In her reply, what flaws does the Nymph find in the Shepherd's idyllic vision? What are her conditions for living with him?

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ms-mcgregor | High School Teacher | (Level 1) Educator Emeritus

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In Raleigh's reply to Marlowe's "The Passionate Shepherd to His Love," the nymph points out the realities of life. The Shepherd had concentrated only on the joys of summer and endless time. He never mentions hard work or threats to safety or the loneliness a shepherd must endure. The nymph simply points out the realities of life. She says winter will come after summer, rivers will overflow their banks, rocks get cold, birds don't always sing and flowers eventually fade. She says she would live with him if youth and happiness lasted, however, she leaves the impression that she is more realistic than the shepherd.

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cegauer | (Level 2) Adjunct Educator

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In "The Nymph's Reply to the Shepherd," the nymph dismisses the shepherd's idyllic vision of their life together by shining a light on the facts of life.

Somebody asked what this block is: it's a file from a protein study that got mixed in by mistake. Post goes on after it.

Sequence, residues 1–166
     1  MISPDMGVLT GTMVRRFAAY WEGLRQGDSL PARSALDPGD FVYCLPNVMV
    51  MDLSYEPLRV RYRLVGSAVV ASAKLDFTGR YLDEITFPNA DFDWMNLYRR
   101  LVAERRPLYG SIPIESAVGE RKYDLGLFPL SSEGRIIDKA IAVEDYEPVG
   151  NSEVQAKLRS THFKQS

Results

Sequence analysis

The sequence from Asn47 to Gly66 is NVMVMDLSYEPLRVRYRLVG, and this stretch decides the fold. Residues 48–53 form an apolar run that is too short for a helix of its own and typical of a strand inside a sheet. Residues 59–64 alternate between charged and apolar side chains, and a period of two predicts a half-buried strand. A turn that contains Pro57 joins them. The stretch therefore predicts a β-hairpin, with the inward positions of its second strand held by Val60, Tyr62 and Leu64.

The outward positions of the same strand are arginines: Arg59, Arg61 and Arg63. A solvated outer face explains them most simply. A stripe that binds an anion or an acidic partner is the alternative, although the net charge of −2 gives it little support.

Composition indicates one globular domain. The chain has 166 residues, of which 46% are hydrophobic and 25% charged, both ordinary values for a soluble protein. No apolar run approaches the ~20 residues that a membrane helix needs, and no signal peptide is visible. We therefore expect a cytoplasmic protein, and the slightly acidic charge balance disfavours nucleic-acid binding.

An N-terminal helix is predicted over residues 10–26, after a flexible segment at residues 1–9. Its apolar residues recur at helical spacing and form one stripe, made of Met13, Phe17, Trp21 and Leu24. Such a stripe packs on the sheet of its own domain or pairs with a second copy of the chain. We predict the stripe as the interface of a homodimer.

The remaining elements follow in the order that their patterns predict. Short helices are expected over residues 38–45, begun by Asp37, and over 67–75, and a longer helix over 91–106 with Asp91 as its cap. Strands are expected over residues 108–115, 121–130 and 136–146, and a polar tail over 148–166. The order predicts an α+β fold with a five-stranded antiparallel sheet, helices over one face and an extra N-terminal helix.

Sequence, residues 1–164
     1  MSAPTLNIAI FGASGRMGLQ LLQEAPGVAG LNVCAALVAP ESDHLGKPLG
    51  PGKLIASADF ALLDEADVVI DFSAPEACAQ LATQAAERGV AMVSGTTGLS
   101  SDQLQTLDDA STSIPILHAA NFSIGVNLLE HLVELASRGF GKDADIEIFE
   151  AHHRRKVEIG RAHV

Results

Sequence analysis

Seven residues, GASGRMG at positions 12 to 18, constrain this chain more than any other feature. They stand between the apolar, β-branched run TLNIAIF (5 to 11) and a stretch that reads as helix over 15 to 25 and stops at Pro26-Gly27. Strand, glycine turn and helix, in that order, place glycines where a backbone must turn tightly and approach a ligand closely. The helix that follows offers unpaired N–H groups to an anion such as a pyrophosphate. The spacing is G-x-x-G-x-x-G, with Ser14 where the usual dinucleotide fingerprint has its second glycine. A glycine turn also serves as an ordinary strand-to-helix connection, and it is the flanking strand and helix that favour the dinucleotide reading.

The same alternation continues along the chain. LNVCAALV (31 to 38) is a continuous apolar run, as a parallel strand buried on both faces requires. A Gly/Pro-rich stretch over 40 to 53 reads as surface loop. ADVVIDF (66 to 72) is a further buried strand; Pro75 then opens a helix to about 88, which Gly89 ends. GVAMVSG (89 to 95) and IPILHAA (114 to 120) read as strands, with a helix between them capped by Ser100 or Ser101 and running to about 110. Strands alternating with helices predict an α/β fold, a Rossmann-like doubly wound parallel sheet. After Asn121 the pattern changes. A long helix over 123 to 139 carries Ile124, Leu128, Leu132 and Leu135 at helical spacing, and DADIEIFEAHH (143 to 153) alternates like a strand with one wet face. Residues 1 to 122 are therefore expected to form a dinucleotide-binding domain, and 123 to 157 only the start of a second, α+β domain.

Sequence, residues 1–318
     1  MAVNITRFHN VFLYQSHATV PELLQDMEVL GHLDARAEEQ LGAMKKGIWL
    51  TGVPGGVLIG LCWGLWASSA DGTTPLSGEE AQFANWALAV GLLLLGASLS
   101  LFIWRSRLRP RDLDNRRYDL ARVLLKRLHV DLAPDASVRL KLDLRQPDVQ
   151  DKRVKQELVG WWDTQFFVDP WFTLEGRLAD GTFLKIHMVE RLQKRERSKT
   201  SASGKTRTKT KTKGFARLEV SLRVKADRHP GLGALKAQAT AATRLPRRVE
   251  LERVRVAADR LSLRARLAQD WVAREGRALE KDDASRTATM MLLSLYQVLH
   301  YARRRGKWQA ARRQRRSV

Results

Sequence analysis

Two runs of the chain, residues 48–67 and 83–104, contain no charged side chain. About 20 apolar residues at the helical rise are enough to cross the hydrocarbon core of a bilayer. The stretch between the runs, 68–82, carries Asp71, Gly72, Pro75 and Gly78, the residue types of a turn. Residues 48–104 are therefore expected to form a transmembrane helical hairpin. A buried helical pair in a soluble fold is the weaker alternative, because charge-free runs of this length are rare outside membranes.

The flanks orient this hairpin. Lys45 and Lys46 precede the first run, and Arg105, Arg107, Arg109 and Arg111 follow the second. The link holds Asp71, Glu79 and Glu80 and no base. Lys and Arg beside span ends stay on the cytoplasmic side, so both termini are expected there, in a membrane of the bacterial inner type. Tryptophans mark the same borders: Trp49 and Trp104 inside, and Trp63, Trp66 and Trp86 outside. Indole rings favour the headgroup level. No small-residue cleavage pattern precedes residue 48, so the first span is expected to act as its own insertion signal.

The nymph must doubt the shepherd's promises, as one of her conditions for being the shepherd's lover is if there was "truth in every shepherd’s tongue." In "The Passionate Shepherd to His Love," the shepherd promised lovely gifts that a shepherd would not typically be able to afford, such as a belt with coral and amber in it. Therefore, one of the main flaws the nymph points out is that the shepherd is obviously lying to her. 

Another fault in the shepherd's logic is that he promises good tidings and happiness that would only be available to them in summer and spring.

And we will sit upon the Rocks, 
Seeing the Shepherds feed their flocks, 
By shallow Rivers to whose falls 
Melodious birds sing Madrigals. 
In the above passage from "The Passionate Shepherd to His Love," the shepherd says they will sit out in the open and enjoy all the natural world around them, but that would only be possible in the warmer months. No one would want to sit on a freezing cold rock in the dead of winter because they could become sick or die from the cold. 
Moreover, none of the shepherd's promises speak of the hard life a shepherd must lead to sustain himself and his family. He talks of watching other shepherds and their flocks of sheep but what of him? He should be tending to his sheep, too, instead of sitting on a rock with his love, right?
Thus, it comes as no surprise when the nymph states the main conditions needed for them to live together are eternal youth and summertime. If such things were possible, she still gives the shepherd no promises. If they had youth and summer forever, only then those "delights my [the nymph's] mind might move." She only says her mind might change because she does not trust the shepherd, which is in line with the pragmatism she displays throughout this poem. 

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